Somewhat lost in Aaron Judge’s chase for 62 home runs is the fact that his fellow towering slugger in the Yankees’ lineup is in the midst of a brutal second half of the season.
Giancarlo Stanton has struggling badly since returning in late August from a stint on the injured list for left Achilles tendinitis.
Manager Aaron Boone said during the series earlier this week Toronto the foot could be a “factor” in Stanton’s slump, but on Friday he chalked it up more to timing.
Whatever the issue is, Stanton is lucky his slump has been overlooked, with fans almost solely focused on Judge’s heroics.
That likely won’t be the case forever and Stanton didn’t help his cause Friday in a 2-1 loss to the Orioles in The Bronx, when he went 0-for-4 with a pair of strikeouts. He’s now 1-for-21 with no walks and 13 strikeouts in five games since a three-hit game against the Red Sox on Sept. 22.
And since the All-Star break (including four games just before he went on the IL), Stanton is 14-for-110 with just five extra-base hits and 49 strikeouts.
“I think he’s been a little bit off and is struggling to find it,” Boone said. “He’s had a couple big home runs the last couple weeks.”
Hitting coach Dillon Lawson said the team is “confident he’ll be right for the playoffs,” but believes there is some correlation to the injury and his performance.
“A lot of this has to do with when he was down [with the Achilles injury] and coming back at a time we needed him, whether he was at whatever percent he was and working through all that,” Lawson said.
At the time, the Yankees’ lead in the AL East had dropped from 12 games on July 23 to 7 ½ games on Aug. 25. The offense was flailing and overly-reliant on Judge.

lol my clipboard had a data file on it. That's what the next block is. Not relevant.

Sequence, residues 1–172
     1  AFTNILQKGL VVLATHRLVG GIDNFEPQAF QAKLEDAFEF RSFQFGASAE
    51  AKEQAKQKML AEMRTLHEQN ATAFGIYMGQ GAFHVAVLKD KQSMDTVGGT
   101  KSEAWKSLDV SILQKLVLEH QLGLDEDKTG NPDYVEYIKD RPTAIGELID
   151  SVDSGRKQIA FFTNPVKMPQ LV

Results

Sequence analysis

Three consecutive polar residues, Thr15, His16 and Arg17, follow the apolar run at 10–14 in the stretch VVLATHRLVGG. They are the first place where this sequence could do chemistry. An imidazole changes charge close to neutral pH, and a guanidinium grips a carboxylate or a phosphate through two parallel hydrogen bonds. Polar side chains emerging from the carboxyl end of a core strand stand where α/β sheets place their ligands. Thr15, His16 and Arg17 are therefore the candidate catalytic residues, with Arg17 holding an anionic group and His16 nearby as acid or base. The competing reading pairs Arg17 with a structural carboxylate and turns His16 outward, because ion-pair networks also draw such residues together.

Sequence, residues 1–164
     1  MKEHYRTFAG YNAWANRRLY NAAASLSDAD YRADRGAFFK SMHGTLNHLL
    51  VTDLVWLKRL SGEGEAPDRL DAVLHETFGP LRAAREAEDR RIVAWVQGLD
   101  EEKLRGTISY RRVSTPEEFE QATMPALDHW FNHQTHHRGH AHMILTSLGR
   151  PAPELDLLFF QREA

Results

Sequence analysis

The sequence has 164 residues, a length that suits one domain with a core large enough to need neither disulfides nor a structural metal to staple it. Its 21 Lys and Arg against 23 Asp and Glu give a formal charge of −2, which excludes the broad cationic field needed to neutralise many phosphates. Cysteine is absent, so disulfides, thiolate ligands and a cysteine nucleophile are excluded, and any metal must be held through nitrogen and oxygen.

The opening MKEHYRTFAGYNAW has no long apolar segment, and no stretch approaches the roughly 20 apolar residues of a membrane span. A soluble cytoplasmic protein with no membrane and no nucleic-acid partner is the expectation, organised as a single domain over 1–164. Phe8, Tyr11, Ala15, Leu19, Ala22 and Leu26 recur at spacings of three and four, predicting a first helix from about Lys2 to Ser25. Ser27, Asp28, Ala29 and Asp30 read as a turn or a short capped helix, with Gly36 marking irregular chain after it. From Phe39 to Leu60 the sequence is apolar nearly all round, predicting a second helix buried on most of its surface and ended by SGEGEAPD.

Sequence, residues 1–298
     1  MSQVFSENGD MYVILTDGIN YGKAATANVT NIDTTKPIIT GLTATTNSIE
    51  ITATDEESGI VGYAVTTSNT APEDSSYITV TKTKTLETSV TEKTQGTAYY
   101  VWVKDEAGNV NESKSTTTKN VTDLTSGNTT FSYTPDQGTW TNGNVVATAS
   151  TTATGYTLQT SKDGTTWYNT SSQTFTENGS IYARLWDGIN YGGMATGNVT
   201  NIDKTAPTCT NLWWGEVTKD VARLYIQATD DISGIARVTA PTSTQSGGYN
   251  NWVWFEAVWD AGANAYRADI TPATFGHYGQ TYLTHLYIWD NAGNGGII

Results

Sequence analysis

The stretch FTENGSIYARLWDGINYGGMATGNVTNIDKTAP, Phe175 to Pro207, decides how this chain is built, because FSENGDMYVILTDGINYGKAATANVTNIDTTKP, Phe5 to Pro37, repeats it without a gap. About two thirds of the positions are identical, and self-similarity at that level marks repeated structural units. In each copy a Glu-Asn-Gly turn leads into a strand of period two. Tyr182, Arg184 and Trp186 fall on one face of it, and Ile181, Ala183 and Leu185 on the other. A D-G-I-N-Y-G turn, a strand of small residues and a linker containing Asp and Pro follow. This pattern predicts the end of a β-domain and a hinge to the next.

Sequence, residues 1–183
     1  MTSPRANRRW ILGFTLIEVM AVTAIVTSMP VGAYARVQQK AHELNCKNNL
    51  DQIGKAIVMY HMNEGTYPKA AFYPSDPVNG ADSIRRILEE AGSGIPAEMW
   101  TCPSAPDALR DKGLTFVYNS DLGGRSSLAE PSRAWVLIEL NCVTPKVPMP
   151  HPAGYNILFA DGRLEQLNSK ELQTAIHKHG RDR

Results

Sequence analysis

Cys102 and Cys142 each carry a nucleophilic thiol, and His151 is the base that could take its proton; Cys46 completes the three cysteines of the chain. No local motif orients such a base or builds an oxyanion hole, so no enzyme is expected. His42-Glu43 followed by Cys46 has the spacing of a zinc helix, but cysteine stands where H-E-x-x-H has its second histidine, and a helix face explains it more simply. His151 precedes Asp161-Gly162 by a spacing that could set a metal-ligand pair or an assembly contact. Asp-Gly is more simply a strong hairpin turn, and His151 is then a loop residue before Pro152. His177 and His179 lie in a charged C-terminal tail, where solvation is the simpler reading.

The decision to bring Stanton back, Lawson said, was a “combination of him being healthy enough and being what the team needed.”
Asked whether Stanton’s issues at the plate were due to the foot still not being 100 percent or his swing being off, Lawson said: “It’s hard to say. They play off each other. A lot of it is timing and getting his swing back. Right now, we understand he’s not where he wants to be [offensively], but we all know where we’re trying to get.”
Boone said he didn’t believe Stanton’s foot should “limit” him and he believed he’d get hot soon and back to “being a wrecking ball once he gets going.”
“I think he was pretty disciplined and patient about [coming back] and being clear about when he was ready to come back,” Boone said in Toronto. “I think he realizes he’s gotta do it when it’s not perfect. He’s working hard to get to that point.”
Lawson said even when Stanton hasn’t been producing, his presence in the lineup has helped Judge.
“You can see the effect on him simply being in the lineup and being behind Judge right away,” Lawson said Stanton, who has hit second, behind Judge, at times in the second half, especially when Anthony Rizzo was out with back issues.
“There was a spike in the amount of strikes Judge started getting. Whether [Stanton] was the one who had the home runs, the offense has been producing. A lot of that is because of his presence. He’s still really dangerous. If you make a mistake to Stanton, he’s gonna punish it.”
He showed that with his game-winning grand slam on Sept. 20 against the Pirates. Stanton hit a rocket out to left four batters after Judge led off the bottom of the ninth with his 60th homer of the season.
“When it’s go-time and there’s no turning back, he’s gonna be there and he’s gonna be ready,’’ Lawson said.
While Stanton’s regular seasons with the Yankees have been inconsistent, he often has come alive in the playoffs.
He had three hits against the Red Sox in wild-card loss last year at Fenway Park. Before that, he wrecked the Rays with four homers and 10 RBIs in the 2020 ALDS, following his 3-for-7, two-homer showing in the wild-card round against Cleveland.